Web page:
Wednesday, December 9, 2015

Walking While Others Fly

An osprey soars overhead.
For anyone interested in following my rehab progress, from now on I'm going to be posting links to the Tumblrs of my walking pics. Once a week, Keith and I walk through beautiful gardens and nature reserves. Sometimes the photos show me climbing steep inclines and uneven terrain, more hikes than walks. And they're often filled with wildlife, such as last Sunday's walk at the Sepulveda Basin Wildlife Reserve.

Sepulveda is one of our favorite places to walk. It's part of the Pacific Flyway, and as such, it's usually chock-a-block with birders. And in the case of last Sunday, as we walked with Keith's mom Joella, the reserve was carpeted with large birds of different stripes...or spots.

Here's the linkhttp://comachameleon2013.tumblr.com/

PS: The ground is perfectly flat at Sepulveda, but the hiking sticks are basically double canes which allow my to walk farther before I grow tired.

1 comment:

  1. Wow! This is an interesting topic.The walk while other fly.This is a great story when i was reading in the matric class books, and also I write Master Thesis Writing Service to help the students to secure the highest grades at thier academic carrier.


Thank you for your comment!

Contact me!


Email *

Message *

Coma Girl

Coma Girl

Not a miracle recovery, but a miracle of modern medicine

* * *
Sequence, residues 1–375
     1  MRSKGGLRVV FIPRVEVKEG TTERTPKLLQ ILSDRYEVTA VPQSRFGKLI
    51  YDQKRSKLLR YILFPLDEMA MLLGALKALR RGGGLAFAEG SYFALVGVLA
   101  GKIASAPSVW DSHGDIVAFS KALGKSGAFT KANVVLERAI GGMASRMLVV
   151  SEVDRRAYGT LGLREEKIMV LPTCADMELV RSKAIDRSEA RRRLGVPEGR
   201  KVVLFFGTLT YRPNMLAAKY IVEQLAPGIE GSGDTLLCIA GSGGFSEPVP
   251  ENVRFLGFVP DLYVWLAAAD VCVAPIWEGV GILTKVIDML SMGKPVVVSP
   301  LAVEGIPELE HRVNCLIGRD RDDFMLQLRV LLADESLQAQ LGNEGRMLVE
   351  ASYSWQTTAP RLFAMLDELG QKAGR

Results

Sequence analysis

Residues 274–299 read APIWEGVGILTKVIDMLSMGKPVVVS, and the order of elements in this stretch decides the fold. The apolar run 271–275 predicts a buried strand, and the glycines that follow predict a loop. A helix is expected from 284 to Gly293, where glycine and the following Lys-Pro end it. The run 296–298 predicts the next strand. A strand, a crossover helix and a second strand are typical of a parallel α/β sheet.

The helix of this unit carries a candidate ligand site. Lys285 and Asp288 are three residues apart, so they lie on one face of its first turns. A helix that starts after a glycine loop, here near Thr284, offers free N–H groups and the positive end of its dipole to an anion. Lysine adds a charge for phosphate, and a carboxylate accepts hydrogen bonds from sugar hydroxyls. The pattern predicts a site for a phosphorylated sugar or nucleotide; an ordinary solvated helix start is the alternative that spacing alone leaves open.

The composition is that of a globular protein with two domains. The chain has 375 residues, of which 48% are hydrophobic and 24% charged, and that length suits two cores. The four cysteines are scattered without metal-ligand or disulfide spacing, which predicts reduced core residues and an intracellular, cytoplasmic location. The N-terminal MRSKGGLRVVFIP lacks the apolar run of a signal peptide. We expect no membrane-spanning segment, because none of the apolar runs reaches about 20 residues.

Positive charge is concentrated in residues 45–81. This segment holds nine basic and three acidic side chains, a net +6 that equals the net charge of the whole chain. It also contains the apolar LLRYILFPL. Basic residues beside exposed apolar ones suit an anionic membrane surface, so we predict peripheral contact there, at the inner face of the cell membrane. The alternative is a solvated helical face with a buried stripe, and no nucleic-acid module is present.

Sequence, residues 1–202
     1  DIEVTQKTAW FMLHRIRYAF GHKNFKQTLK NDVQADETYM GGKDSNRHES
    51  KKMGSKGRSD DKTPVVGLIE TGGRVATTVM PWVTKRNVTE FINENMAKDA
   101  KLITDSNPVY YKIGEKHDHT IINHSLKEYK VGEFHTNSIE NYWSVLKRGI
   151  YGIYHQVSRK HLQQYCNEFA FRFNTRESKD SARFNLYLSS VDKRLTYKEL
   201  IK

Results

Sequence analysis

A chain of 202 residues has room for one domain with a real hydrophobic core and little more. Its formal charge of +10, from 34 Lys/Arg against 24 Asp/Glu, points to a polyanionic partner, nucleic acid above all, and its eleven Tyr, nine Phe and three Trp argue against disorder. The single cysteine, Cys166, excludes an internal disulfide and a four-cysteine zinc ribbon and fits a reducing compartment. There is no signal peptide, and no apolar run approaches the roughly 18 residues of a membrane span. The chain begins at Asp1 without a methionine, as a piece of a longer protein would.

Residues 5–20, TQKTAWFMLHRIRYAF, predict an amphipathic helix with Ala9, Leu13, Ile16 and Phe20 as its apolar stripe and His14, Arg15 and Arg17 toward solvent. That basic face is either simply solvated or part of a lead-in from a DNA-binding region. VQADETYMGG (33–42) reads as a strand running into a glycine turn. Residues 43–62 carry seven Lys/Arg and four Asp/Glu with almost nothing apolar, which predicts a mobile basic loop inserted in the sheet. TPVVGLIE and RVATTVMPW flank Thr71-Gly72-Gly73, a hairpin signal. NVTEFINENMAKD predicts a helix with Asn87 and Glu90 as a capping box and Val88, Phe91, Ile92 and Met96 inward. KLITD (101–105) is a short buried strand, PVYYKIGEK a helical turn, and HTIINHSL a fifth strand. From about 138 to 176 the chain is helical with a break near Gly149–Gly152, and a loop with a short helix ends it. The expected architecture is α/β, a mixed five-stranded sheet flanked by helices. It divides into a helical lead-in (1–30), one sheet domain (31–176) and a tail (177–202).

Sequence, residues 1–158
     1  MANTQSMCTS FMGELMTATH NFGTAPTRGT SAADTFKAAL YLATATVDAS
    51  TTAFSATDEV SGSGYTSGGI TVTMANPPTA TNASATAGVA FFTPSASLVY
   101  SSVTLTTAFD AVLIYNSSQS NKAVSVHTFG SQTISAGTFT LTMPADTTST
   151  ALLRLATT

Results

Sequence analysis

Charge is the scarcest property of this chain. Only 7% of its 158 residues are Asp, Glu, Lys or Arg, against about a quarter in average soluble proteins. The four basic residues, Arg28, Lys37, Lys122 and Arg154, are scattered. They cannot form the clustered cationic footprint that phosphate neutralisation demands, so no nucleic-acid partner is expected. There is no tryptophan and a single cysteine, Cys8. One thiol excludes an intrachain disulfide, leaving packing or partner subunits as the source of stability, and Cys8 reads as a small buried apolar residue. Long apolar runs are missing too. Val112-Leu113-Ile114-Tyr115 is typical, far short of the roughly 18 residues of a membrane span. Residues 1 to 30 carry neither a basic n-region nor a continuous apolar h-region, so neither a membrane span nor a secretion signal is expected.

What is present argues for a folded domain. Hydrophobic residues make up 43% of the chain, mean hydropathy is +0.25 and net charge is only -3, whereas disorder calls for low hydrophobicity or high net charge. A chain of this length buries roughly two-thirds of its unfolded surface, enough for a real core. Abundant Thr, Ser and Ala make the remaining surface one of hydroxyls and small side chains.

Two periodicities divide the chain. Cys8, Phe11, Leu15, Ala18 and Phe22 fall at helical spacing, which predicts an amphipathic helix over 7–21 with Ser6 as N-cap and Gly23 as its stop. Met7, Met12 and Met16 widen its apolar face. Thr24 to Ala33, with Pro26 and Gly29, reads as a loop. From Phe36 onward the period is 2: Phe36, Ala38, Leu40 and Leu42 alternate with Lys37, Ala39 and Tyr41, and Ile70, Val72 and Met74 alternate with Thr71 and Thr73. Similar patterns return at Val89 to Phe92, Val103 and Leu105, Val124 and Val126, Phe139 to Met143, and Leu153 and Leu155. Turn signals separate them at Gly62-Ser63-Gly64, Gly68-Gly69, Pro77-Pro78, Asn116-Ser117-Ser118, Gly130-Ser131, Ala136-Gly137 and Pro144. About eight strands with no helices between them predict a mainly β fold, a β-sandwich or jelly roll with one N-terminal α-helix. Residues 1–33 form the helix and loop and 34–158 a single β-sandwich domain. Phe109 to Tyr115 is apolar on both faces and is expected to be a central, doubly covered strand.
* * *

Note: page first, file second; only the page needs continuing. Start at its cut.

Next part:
In 2013 I fell into a six-week coma and nearly died after I contracted legionella. The Legionnaire's disease was in turn triggered by immunosuppression caused by the prednisone I was taking for my rare autoimmune disease, dermatomyositis.

I suffered a series of strokes on both sides of my brain when the sepsis caused my blood pressure to plummet. I fell into a deep coma. My kidneys and lungs began to fail, as my body was began dying one organ at a time. My doctors told my loved ones to give up hope for my full recovery. They expected me to die, and even if I somehow lived, I would remain a vegetable or at best left so hopelessly brain-damaged that I would never be same. But unbeknownst to them, while they were shining lights in my eyes and shaking their heads, I was telling them in my coma-dream--my secular version of a near-death experience--to leave me alone because I was trying to get back to sleep. I was experiencing what is known as covert cognition, the subject of my Skeptical Inquirer article "Covert Cognition: My So-Called Near-Death Experience," which appeared in their July/August issue.

But it wasn't a miracle--despite what so many continue to believe--that I recovered so fully. I owe my life not to God, but the miracles of modern medicine, as well as the nature of the watershed-area brain damage I suffered, as I detailed in my article and in this blog.